This blog has been quiet now for some time, but an event which took place during the Wimbledon tennis championships seems worthy of note and worthy of reviving the blog for.
You may have seen in the news that an American evangelist, Tony Miano, was arrested for preaching in the streets of London. One passer-by took offence at Tony’s sermon, called the police, and Tony was taken off to be interviewed.
The Huffington Post cover the basic information in this article if you want to familiarise yourself with the events.
The full transcript of the police interview has been released and can be found in a post on the Archbishop Cranmer blog. Helpfully, Cranmer has highlighted those areas of the interview in which the police focus in on Tony Miano’s personal beliefs.
Much has been said and written about this arrest but on a personal note, the most insightful piece I have read was a blog post by Phil Moore. It is well worth reading in full. He concludes the post with these words:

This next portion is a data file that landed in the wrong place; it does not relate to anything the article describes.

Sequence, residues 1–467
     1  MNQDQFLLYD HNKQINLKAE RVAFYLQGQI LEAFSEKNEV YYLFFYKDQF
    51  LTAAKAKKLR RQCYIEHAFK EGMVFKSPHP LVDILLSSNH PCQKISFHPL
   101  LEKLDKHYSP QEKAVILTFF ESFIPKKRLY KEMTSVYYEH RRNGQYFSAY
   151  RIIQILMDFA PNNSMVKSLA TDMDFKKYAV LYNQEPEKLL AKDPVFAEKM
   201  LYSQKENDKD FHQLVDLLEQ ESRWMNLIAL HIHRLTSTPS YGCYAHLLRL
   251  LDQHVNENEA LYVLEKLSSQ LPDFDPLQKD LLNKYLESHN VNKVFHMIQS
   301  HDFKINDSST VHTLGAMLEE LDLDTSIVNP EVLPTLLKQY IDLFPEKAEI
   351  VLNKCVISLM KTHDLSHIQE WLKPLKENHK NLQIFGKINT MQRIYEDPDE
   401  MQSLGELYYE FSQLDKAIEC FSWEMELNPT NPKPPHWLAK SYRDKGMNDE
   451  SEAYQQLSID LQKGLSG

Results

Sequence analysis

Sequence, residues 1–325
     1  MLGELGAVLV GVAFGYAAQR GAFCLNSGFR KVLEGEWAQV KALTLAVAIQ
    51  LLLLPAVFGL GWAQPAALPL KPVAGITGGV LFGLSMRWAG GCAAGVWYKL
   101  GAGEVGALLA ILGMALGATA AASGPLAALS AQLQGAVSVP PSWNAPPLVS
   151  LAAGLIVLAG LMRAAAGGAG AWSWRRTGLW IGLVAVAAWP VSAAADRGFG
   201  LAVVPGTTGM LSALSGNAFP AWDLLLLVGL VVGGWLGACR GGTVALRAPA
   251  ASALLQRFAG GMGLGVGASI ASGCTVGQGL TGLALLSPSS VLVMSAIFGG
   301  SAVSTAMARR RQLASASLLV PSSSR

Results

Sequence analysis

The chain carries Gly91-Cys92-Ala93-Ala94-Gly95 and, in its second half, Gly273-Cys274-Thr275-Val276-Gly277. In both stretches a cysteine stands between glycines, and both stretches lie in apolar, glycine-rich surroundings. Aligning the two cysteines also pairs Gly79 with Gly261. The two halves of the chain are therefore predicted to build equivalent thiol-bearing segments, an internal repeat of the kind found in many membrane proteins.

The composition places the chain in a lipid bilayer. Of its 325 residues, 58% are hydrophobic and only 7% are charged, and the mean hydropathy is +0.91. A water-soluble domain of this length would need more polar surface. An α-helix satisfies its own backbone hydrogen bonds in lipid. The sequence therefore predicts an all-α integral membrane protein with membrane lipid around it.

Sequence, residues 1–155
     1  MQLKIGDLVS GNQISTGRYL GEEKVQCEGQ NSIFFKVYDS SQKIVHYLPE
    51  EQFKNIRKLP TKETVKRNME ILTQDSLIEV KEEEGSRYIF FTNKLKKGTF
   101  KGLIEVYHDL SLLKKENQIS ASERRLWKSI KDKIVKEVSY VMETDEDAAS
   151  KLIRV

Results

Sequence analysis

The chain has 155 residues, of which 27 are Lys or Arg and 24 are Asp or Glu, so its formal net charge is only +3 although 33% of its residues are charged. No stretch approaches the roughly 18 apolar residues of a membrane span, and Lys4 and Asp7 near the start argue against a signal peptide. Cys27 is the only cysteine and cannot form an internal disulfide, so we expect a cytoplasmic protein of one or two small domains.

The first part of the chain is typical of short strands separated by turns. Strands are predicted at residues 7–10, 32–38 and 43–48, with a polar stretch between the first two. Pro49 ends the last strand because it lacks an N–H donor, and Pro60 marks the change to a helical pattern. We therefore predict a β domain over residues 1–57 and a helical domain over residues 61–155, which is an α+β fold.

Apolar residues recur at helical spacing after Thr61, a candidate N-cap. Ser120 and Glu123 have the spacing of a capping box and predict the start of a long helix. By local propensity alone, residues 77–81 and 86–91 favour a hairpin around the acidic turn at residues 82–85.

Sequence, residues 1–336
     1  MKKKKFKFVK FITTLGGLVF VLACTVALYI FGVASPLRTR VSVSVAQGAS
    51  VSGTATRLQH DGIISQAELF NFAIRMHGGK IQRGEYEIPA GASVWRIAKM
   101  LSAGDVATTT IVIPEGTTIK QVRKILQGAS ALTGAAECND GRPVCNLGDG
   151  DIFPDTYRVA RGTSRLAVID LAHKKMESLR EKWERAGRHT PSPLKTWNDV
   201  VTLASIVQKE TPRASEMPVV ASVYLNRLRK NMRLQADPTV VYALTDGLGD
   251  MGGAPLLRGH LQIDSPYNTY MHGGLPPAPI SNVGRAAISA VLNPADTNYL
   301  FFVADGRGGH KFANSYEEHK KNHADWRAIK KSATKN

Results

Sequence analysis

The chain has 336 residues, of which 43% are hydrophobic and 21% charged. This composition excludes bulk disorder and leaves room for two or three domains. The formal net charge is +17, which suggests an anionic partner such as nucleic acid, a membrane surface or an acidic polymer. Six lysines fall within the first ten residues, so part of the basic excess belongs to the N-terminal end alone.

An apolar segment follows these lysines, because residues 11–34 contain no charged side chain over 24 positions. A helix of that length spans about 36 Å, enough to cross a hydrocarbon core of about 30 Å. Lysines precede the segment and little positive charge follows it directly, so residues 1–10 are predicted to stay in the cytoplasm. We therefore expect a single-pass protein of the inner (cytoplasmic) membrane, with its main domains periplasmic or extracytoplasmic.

Whilst I await their response to my complaint, I have been reading 1 Thessalonians a little bit myself. I am encouraged that Paul tells the Thessalonians that “We had previously suffered and been treated outrageously in Philippi, as you know, but with the help of our God we dared to tell you his gospel in the face of strong opposition” (1Th 2:2). I am encouraged that he tells them up front that “You suffered from your own people the same things those churches suffered … in their effort to keep us from speaking to the pagans so that they may be saved” (1Th 2:14-16). I am encouraged that it is in this context of abuse, arrest and persecution that the Thessalonian church grew and planted churches across the Roman Empire. Paul tells the persecuted believers that “The Lord’s message rang out from you not only in Macedonia and Achaia – your faith in God has become known everywhere.”
Something has changed. The conditions in Britain are now different. They are less like the comfortable, compromised twentieth century which saw massive church decline. They are becoming a bit more like the days in which the church at Thessalonica flourished: when street-preaching Christians were hated and loved in equal measure.
And, finally, if you are interested, here is Tony Miano’s preaching and arrest in full: